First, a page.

Keywords: historic ceilings, 19th century, 20th century, Victorian, Edwardian, Apollo Theatre, ceiling construction, suspended ceilings, decorative plaster, gypsum plaster, fibrous plaster, plaster of Paris, inspection, investigation, decay, conservation repair

  • Residential property evaluation and climate change modelling
    Michael Lawson, Chief Executive, and Graeme Winser, Director of Strategy, Property Risk Inspection

    Climate change poses a first-order threat to human civilisation and governments across the world, their agencies and big and small corporations have announced climate emergencies and made commitments towards net zero emissions across a range of target dates. Regulators have tasked financial institutions in the insurance and banking sectors to expose their existing portfolios and lending practices to scrutiny as to resilience levels, preparedness and knowledge base relating to property risk level impacts from existing and emerging climate-driven property perils. The scope of these investigations has mobilised a range of consultancies and emerging climate service providers (CSPs) to support regulatory oversight and provide modelling input relative to expertise in a range of environmental issues driven by climate change. The combination of global emission scenarios and general circulation models (GCMs) with existing expertise in modelling real-world problems such as flooding, coastal erosion, storm and subsidence has produced forward-facing forecasts across the natural physical and societal risks. The regulatory results at portfolio levels have necessitated financial institutions scenario planning down to property address levels to assess overall scale of impacts and the possible provisioning requirements against multiple probabilities over decadal horizons out to 2100. These high-level assessments will in the next few years feed directly into valuation and property investigation for origination loans and the cash buyer. CSPs will inevitably seek to monetise a return on their investment in modelling for financial institutions and their unique exposure to portfolio-level provisioning as consultants to these organisations reporting to the regulator. How this data at a property level is interpreted spatially and temporally will be a unique new challenge for chartered surveyors and other property professionals within lending institutions and within the conveyancing sector. This paper looks at the development of portfolio-level climate change reporting, the scientific basis for decisioning and the real risks of assuming that scenario precision produces accurate climate outcomes at the property level. A range of evolving rule sets are proposed for lenders, valuation specialists and conveyancers to ensure reporting is fit for intended purpose.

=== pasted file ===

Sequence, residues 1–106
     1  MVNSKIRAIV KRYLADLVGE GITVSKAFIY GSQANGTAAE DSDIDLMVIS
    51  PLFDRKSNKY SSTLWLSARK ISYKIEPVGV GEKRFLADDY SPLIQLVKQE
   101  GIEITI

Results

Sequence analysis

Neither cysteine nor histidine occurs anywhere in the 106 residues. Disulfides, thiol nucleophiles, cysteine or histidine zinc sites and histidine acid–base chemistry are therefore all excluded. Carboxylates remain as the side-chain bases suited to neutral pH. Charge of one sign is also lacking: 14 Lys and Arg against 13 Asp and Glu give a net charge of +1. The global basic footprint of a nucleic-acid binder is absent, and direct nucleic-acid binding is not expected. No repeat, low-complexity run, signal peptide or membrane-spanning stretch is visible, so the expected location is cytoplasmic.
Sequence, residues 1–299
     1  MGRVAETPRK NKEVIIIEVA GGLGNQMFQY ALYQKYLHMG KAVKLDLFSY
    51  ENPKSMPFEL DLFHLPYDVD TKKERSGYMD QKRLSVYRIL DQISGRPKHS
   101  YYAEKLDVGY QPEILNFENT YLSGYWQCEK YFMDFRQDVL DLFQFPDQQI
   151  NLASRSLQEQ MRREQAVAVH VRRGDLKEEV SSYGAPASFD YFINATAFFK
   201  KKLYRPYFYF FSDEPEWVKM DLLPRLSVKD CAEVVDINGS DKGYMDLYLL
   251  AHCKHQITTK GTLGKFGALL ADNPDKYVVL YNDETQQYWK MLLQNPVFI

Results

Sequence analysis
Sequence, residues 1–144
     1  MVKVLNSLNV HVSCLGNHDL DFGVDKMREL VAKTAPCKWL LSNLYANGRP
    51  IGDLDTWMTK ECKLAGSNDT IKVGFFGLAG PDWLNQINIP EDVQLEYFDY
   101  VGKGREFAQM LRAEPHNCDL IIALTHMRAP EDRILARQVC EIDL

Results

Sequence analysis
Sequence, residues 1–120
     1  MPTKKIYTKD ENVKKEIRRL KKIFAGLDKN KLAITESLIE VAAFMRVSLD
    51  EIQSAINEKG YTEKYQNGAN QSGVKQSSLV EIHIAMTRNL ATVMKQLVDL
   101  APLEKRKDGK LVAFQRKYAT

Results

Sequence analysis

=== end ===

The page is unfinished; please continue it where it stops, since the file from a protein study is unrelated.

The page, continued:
Keywords: data, property risk, climate change, data curation, data storage, data vendors, climate service providers, general circulation models, precision, accuracy, triage, lending

  • Mobile mapping for buildings, assets and estates: Benefits, new workflows and new deliverables
    Nick Blenkarn, Non-Executive Director, The Severn Partnership

    This paper looks at the opportunities presented by mobile mapping technology used for measured building survey, comparing data capture techniques and selecting the right match for the client’s end use. Secondly, it discusses how to balance ‘black box’ automated processing with tried-and-tested quality workflows. Lastly, it investigates how hosting survey data on web-based platforms enables the creation of new deliverables and adds value through embedding data and enabling access to a wider audience of potential stakeholders.
    Keywords: geospatial, mobile mapping, SLAM, laser scanning, digital twins

  • Old building, new life : Three curtilage-listed buildings reimagined and repurposed for the future
    Lydia Robinson, Creative Director, Design Storey Architects